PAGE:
George Roger Waters was born on September 6, 1943, in Leatherhead, Surrey, England. He’s best known as a founding member of Pink Floyd, eventually taking a leadership role after the 1968 departure of Syd Barrett. Waters left the band in 1985 to pursue a solo career, while the other members continued with the name, music, and props, over his objections. Relations between the surviving members have warmed somewhat in recent years, with various permutations of the band performing at isolated events.
The music of Bob Dylan and Pink Floyd is not as diametrically opposed as it might first appear. For starters, they were both steeped in American music, most notably Rhythm and Blues, then went on to compose and perform more lengthy, mind-expanding, ground-breaking music. However, there is not much crossover in the careers of Dylan and the members of Pink Floyd.
Barrett wrote his original song “Bob Dylan Blues” sometime between 1962 and 1964. According to Julian Palacios’ 1998 book, Lost In The Woods, a young Syd Barrett saw Bob Dylan in London, with his girlfriend, Libby Gausden. It states that Barrett saw Dylan’s first major London show in March of 1963, but there is no evidence of such a performance. It must have been either Royal Festival Hall in 1964, or one of a handful of smaller gigs between mid-December 1962 and early January 1963.
Since the Waters/Floyd split, Pink Floyd is known to have covered “Like A Rolling Stone” at a soundcheck in Tampa, Florida, on the fifth day of May, 1994, according to Dylan Covers.
Meanwhile, Waters recorded his version of “Knockin’ On Heaven’s Door” for the score of the late 1990s Israeli film The Dybbuk of the Holy Apple Field. It was also included on 1998’s Flickering Flame: The Solo Years Volume 1.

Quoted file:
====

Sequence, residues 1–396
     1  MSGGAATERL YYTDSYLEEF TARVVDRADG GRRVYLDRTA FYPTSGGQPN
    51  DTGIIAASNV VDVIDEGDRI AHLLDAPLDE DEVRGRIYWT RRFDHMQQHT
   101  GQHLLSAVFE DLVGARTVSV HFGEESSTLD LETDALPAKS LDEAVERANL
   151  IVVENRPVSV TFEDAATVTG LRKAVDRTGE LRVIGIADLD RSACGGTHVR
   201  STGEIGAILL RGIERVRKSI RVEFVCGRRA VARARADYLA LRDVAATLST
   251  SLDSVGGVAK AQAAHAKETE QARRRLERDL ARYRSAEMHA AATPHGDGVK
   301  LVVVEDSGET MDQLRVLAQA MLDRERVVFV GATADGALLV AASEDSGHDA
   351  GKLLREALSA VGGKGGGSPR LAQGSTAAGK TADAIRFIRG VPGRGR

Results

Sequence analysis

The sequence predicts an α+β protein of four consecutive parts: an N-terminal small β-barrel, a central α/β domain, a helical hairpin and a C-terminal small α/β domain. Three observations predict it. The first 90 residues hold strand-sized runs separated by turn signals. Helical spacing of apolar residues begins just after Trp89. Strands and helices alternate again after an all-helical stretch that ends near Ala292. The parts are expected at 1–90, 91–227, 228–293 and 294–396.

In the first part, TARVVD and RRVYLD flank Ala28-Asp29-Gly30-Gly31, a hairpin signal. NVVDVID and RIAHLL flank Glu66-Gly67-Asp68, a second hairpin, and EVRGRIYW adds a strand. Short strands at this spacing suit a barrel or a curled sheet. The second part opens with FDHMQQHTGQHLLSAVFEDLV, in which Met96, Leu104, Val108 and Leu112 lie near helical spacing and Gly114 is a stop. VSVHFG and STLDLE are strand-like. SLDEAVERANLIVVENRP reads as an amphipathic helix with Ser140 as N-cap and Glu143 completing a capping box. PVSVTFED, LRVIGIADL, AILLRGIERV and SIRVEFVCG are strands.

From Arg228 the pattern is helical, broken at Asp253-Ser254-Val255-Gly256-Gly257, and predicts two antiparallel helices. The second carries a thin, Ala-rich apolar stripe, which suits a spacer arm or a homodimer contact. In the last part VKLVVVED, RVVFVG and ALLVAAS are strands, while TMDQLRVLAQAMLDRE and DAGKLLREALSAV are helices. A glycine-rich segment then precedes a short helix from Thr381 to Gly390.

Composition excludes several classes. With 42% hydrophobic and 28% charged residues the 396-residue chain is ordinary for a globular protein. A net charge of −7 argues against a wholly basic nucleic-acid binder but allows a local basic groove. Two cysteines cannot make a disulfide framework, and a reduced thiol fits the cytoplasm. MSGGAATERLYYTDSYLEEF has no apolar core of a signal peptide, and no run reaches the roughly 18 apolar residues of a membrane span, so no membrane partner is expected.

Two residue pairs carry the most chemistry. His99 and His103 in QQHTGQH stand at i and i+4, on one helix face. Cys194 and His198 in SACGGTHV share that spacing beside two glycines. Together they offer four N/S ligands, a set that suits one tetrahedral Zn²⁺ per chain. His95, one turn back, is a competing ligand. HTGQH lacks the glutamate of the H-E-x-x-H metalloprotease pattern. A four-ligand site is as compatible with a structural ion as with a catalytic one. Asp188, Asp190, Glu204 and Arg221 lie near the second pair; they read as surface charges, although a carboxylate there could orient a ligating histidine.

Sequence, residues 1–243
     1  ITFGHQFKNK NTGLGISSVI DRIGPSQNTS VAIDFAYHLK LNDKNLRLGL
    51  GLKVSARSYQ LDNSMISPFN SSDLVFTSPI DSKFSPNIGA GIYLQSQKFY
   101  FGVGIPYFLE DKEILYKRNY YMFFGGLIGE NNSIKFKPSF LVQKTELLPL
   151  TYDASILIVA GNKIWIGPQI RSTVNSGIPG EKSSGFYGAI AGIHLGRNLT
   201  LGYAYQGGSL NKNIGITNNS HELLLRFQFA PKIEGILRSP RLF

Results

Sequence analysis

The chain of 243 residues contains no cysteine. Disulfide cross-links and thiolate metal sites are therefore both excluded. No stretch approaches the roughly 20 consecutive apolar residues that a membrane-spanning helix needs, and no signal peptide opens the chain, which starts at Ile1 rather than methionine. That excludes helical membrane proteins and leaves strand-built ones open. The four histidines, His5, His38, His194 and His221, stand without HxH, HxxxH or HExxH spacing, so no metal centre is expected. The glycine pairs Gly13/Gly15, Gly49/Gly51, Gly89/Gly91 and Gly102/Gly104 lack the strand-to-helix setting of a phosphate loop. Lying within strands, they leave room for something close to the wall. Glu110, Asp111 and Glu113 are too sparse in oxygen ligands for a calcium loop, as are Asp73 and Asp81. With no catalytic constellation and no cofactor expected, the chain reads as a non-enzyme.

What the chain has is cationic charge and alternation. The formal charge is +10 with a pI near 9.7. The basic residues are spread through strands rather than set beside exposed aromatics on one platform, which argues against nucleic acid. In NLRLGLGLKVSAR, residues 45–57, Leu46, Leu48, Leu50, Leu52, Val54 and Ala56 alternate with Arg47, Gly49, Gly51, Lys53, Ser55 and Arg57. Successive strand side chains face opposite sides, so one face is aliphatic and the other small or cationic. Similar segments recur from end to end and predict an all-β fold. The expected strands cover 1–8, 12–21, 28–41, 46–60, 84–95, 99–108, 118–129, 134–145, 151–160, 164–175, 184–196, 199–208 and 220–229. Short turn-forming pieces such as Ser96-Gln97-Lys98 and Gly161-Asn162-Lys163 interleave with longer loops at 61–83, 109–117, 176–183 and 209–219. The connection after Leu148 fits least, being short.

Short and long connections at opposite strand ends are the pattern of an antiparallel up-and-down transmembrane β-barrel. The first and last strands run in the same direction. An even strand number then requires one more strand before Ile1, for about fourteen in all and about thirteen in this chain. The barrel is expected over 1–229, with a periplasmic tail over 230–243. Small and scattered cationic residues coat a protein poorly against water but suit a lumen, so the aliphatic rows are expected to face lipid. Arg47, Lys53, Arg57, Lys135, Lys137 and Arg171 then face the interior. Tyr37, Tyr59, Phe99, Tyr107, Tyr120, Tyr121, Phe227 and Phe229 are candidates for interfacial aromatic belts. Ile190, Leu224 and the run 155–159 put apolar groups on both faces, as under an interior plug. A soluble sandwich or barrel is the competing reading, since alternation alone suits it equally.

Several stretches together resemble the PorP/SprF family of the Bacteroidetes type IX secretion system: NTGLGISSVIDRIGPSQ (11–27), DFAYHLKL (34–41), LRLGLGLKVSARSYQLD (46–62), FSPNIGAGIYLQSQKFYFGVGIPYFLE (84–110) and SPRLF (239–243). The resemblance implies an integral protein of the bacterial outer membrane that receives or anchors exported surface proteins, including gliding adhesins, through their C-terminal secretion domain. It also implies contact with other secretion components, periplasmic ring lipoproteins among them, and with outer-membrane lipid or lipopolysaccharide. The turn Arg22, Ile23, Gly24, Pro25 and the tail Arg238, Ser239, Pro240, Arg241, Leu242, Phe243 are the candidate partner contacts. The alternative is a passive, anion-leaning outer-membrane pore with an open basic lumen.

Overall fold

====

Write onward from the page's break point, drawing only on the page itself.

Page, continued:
Here are some comments from Waters about Dylan:
You can draw a line between what I’m interested in and what I’m not interested in. On one side you can name Dylan and Lennon, who observe the world and have feelings, and write songs directly from those feelings. On the vapid side you have pop groups who need material and write songs to fill the hole, rather than getting somebody else… I always question stuff I do. There’s a moment after making a demo of a song and sticking it on in the car when I really get off on it, but it doesn’t last very long. And then when it’s in a finished record and you listen to it once or twice, it’s there, but again, it doesn’t last. I think it is in the nature of all people who do these things – in the Lennon, the Dylan, the Pete Townshend manner, that come from the heart – that the gratification doesn’t stay with you and you feel compelled to go start the process all over again. – Musician, November, 1992.
Brian from Rochester, N.Y.:
Hello Roger, it’s quite an honour to speak to you and it’s been well worth the wait for the Amused To Death album. I have two questions for you tonight. The first one, in the song “Too Much Rope” you say “Each man has his price Bob, and yours is pretty low”. Are you referring to Bob Ezrin?